Knit a Swatch on a Loom – Definition and Video Tutorial

How to Knit a Swatch on a Loom

Knit a Swatch on a Loom

First let’s define the word swatch. According to google, it’s a small sample of fabric intended to demonstrate a larger piece. In short terms it’s a test run. This means that you knit a swatch to answer a lot of those questions you have about a pending project like what’s the right stitch, the right loom, the right yarn, how many pegs and how many rows will I need.

Let me give you a few more good reasons why you should knit a swatch and how to make one. 

Why Knit a Swatch

Knit a swatch

Some people have the misconception that only pattern designers need to knit swatches. Bit it’s a good idea for everybody especially if those that want to customize a project.

1. Looms:  A large gauge loom can make a stitch look very different from one made with a small gauge loom. Look at the picture above both of the pink swatches were made with the same number of stitches and rows. If you like a pattern but don’t have the loom size suggested by the designer a swatch will help you convert the pattern to work with your particular loom.

For further detail on this effect: Click HERE

2. Yarn: The weight and type of yarn you use can have a huge effect on the size and texture of a project. Unfortunately you can’t always rely on the packaging for the actual size of your yarn. There are furry specialty yarns labeled as bulky although the strands are thin.

It’s also a good idea to wash the small sample to see how the fibers react to soap and water.

3. Stitch: Pretty stitches sometimes act ugly. They won’t stretch for your sock cuff or won’t sag for your slouchy. Until you knit up the stitch you won’t know that. Another big problem is the word knit. When the designer doesn’t clarify which version things can get really funky.

Knit a Swatch


4. Does it Curl: The general rule to reducing curls is normally to add purl stitches to your knits. But this is not the case with all stitch patterns.The Rambler Stitch is made up of knit and purl stitches and yet the fabric curls up badly. I would have never thought this would happen with this particular stitch. It wasn’t until I knit a swatch that I realized this was the wrong stitch for my pending project.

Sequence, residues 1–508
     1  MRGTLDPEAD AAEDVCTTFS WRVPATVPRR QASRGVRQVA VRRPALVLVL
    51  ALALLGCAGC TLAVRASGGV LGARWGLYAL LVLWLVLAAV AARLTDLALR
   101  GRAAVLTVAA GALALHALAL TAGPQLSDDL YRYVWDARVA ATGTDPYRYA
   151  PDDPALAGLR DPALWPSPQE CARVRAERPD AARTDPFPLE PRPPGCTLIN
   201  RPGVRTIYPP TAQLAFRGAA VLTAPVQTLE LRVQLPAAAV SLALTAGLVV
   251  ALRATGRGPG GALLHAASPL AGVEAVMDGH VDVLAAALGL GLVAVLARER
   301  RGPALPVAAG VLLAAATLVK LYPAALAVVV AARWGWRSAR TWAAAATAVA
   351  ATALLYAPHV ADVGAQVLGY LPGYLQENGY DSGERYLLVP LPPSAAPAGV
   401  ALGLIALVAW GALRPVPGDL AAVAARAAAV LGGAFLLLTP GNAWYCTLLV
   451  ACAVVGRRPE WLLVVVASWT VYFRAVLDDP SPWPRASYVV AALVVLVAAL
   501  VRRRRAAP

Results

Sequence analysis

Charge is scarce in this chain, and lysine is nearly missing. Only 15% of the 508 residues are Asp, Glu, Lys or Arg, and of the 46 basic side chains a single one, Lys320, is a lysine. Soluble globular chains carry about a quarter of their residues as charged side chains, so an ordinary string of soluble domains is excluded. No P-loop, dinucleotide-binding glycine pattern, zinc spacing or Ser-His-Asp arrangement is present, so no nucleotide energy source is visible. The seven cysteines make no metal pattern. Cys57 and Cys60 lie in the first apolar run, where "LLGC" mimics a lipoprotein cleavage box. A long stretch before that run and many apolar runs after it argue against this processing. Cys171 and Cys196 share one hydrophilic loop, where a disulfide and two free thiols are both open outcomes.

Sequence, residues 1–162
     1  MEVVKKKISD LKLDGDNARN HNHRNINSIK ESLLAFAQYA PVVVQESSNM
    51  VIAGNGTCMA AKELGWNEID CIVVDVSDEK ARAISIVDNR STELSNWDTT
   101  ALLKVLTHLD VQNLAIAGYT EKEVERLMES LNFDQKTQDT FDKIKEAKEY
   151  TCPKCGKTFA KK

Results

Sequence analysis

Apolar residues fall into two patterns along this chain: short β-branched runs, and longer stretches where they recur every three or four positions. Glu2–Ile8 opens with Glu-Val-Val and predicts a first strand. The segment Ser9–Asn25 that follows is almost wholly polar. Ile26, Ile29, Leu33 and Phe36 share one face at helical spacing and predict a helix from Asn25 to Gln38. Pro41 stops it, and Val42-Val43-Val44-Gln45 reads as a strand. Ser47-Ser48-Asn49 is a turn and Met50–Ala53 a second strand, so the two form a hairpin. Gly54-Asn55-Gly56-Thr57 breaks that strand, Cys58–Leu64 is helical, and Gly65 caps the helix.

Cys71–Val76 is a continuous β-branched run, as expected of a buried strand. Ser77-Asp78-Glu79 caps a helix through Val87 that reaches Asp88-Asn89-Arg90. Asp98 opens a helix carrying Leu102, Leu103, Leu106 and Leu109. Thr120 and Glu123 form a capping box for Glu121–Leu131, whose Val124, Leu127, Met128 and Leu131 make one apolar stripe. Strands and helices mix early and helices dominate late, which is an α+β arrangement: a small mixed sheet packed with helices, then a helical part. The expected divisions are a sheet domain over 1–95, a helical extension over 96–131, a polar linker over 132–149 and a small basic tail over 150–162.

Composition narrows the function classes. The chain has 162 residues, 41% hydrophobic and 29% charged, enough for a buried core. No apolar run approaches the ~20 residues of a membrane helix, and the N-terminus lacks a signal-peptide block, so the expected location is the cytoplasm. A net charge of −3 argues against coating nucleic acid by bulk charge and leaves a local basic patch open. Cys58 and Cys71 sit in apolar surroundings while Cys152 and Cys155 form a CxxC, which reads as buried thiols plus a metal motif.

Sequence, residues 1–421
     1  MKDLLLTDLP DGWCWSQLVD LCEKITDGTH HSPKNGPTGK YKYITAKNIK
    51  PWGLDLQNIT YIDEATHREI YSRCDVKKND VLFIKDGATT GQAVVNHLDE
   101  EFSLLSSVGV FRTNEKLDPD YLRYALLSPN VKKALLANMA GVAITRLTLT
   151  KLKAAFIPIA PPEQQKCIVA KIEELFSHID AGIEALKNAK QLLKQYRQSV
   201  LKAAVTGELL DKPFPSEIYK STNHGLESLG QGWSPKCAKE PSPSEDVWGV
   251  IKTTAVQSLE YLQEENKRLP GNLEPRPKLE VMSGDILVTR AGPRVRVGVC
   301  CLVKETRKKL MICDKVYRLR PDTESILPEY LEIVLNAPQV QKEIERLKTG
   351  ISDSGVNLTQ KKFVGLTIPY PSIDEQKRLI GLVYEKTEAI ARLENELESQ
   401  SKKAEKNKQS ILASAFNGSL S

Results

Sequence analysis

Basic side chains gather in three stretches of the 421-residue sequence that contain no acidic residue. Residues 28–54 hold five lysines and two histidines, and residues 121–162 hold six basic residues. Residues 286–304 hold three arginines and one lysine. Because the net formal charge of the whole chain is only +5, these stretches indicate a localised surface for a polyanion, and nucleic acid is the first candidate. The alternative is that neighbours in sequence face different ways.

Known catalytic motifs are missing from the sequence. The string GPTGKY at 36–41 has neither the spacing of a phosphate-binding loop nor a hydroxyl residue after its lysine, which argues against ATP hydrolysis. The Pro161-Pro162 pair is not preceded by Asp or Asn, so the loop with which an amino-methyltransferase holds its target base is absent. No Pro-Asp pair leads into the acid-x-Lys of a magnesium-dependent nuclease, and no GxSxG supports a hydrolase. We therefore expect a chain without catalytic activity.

5. Cast-on / Cast-off: Understanding all the information above helps you make the decision on how you would like to start and end your project. In order to keep the Rambler Stitch from curling I had to add 2 purl stitches to the edges, 2 rows of purls to my cast-on and 2 rows of purls before my cast-off.

6. Size: Very often folks ask how many pegs or how many rows are needed to make their project larger or smaller. Well if you knit a swatch you will be able to answer this question for yourself. It’s not that I don’t like answering questions but you will find yourself needing this technique over and over again.

7. Reverse Side: Knitting up a sample of a cool stitch will give you a peak at the reversed side. Unfortunately it is not the norm for designers to show you the reverse side of stitch patterns.

8. Overall Look and Feel: Yes, you want to feel your fabric to know if the stitch is too stiff, too scratchy or any other variable.

How to Knit a Swatch



You start by choosing your project or pattern, the yarn and the loom. If you are following a pattern it’s always best to get the exact supplies listed if possible. Keep in mind that any one of these can change after you knit the swatch.


Read your pattern and look for the sizing information. It may say something like, 4 inches = 12 stitches and 12 rows. Start by knitting at least the amount stated on the pattern. In this case it would be 12 stitches (pegs) and 12 rows of the pattern.  You may want to do more if your fabric will need 14 stitches and 14 rows to measure out at 4 inches.


Look at the picture above. You can easily see that it takes 4 stitches to make 1 inch. To get the number of rows just put your ruler vertically and do the same kind of measuring. This method does not work with all stitches. Some are just to complex.


Say I want 60 inches in length and the gauge is 4 rows per inch.  I multiple 60 x 4. I will need 240 rows for my 60 inches. Same concept for width. If I want 8 inches of width and the gauge says 4 stitches per inch then I must multiply 8 x 4.

TIP: If you can help it, don’t cast-off your swatch because you might need that little bit of yarn to finish your project.

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